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Why do we worry about dental disease?

Dental disease is one of the most common conditions we see when we examine animals. Very often the pet has come in for an unrelated problem and bad teeth are found when he or she is given a full examination. Although many people feel that their pet is not showing any signs of dental disease it is worth remembering that animals are masters at hiding signs of pain and so when the teeth are ‘in a bad way’ it is likely that the pet is experiencing at least a degree of discomfort.

There are a few problems that we regularly see that are all part of dental disease as a whole;

(Click on links for photos)
1. Tartar – this is the build up of bacteria and calcified plaque. Teeth covered in tartar appear much larger than they would normally be and are usually yellow or brown in colour. In fact you are not seeing the tooth at all and very large deposits of tartar actually have to be cracked off, usually under general anaesthesia. Only then can a vet assess whether the tooth can be saved or needs extraction.
2. Gingivitis – this is the inflammation of the gums surrounding the teeth. Normal gums are pink but inflamed gums are red and angry looking. They often bleed very easily and are sore to touch. This is caused by contact with plaque or tartar on the teeth.
3. Gingival recession – this is where the gums ‘shrink away’ from the bottom of the teeth, often causing the roots to become exposed. This happens in response long term gingivitis and the build up of plaque or tartar on the tooth. If too much recession occurs and the roots of a tooth are exposed the tooth is likely to need removal, and there is the possibility of a tooth root abscess forming – very painful!!
4. Stomatitis – this is something that we see commonly in cats but less frequently in dogs. It is similar to gingivitis but involves other areas of the mouth such as the lining of the cheeks and the tissue at the back of the mouth. Again these areas bleed readily and are painful to touch.
5. ‘Neck’ lesions – these are seen exclusively in our feline patients and are tiny holes that form through the enamel of the tooth, leading to pulp exposure. Again these are very painful when touched and if present mean that the affected tooth needs to be removed.

As well as the fact that dental disease can cause pain within the mouth itself, it can cause other problems or be associated with other types of disease;


1. The mouth is an area with a large number of blood vessels – this is great because it means that the mouth is able to heal very quickly after any surgical procedures or injuries. However on the flip side, it also means that if the mouth becomes badly infected, it is quite likely that bacteria from the mouth will escape into the bloodstream (remember that gingivitis and stomatitis cause the tissues in the mouth to bleed much more easily than normal). This can make an animal feel very unwell, and if he or she has any underlying problems such as heart disease, could potentially make this worse.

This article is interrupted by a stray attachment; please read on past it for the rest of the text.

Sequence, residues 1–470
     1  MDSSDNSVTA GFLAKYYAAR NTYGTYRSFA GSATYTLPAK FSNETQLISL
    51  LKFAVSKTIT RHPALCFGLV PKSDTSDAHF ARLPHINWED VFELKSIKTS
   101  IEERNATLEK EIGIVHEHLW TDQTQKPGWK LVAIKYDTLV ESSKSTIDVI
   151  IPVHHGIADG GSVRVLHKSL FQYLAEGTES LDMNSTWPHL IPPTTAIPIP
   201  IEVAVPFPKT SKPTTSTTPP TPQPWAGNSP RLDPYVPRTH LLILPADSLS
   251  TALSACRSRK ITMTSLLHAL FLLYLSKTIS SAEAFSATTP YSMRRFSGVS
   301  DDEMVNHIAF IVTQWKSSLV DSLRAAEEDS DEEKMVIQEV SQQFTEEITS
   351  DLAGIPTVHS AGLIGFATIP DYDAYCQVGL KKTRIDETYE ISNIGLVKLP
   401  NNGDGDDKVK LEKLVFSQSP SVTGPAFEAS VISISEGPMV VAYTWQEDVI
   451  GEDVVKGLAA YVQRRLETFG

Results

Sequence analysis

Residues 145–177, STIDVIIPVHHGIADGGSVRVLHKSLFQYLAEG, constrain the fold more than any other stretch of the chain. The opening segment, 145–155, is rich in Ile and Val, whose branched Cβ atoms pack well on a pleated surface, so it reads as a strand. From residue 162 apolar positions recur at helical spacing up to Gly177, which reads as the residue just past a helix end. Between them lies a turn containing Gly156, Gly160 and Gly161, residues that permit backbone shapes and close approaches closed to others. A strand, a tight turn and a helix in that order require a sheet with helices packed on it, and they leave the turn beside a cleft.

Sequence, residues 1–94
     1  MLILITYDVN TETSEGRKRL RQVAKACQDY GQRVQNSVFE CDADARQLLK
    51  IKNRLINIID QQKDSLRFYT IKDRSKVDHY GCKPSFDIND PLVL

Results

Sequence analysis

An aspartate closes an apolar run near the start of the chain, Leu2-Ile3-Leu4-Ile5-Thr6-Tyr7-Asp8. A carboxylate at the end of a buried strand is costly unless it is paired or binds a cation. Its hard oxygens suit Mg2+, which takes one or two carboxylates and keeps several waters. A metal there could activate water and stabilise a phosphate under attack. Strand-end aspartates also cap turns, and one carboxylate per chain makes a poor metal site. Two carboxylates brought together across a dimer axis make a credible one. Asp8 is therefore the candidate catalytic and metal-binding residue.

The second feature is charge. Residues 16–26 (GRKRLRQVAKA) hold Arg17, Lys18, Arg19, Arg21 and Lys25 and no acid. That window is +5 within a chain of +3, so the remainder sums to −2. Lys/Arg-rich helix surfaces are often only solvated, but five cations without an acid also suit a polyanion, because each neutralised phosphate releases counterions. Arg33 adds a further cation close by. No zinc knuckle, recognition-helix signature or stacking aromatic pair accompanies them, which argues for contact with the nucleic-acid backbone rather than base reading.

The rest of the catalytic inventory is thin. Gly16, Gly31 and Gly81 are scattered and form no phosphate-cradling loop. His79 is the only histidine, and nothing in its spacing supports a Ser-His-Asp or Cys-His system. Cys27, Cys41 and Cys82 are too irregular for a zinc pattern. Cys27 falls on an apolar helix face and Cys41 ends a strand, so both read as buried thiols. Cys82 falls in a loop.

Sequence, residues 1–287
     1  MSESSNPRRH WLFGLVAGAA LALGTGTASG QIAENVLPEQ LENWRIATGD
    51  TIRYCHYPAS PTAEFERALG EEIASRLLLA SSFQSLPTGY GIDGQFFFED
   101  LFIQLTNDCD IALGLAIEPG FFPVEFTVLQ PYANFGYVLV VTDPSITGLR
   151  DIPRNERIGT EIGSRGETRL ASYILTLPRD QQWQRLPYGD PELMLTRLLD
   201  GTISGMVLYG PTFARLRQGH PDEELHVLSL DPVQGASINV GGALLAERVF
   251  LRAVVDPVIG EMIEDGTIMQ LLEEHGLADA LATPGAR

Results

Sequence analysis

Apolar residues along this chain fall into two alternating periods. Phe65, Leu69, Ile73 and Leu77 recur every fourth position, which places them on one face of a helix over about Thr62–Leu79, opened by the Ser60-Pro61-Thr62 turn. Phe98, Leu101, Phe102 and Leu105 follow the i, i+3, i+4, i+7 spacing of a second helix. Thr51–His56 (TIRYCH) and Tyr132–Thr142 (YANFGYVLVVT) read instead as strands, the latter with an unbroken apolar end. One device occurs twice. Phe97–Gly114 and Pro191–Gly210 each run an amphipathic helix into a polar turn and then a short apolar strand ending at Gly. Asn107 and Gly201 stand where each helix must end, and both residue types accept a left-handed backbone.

2. If dental disease is left unchecked, tooth root abscesses can form (see above). These can lead to nasty tracts or pathways forming between the mouth and nasal cavity which can cause nasal infections and can be difficult to cure.
3. Dental disease can be made worse by underlying conditions such as kidney disease or, in cats, viral problems such as FIV (feline immunodeficiency virus) or FeLV (feline leukaemia virus). This is why in certain instances the vet will recommend blood testing before a dental is undertaken to rule in or out these sorts of problems

What can we do to prevent dental disease?

As always, prevention is far better than cure!! The best way to help your pet guard against dental disease is to brush their teeth on a regular basis – at least once daily. However, this can often be easier said than done and there are frequent looks of horror from owners when this is suggested – and understandably so in many instances - trying to pin down a bouncy Labrador or persuade a reluctant cat to open his or her mouth is pretty daunting! If you have a young pet, then introducing teeth cleaning at an early age can make the whole process much easier – teaching dogs a command such as ‘teeth’ often helps so that they know what to expect. If tooth brushing is not an option (and don’t worry, we will understand!), then modifying your feeding regime so that a ‘dental formula’ dry food is fed as part of the diet and giving regular dental chews can really help.

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